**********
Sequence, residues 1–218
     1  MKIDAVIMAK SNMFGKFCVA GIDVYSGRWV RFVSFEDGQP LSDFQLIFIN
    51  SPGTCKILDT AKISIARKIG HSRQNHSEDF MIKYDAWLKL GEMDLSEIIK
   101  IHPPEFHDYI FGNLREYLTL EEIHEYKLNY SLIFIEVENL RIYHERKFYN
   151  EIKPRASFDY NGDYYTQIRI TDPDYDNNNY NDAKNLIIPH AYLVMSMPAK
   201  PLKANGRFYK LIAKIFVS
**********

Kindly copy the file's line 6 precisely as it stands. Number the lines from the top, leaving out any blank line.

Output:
   201  PLKANGRFYK LIAKIFVS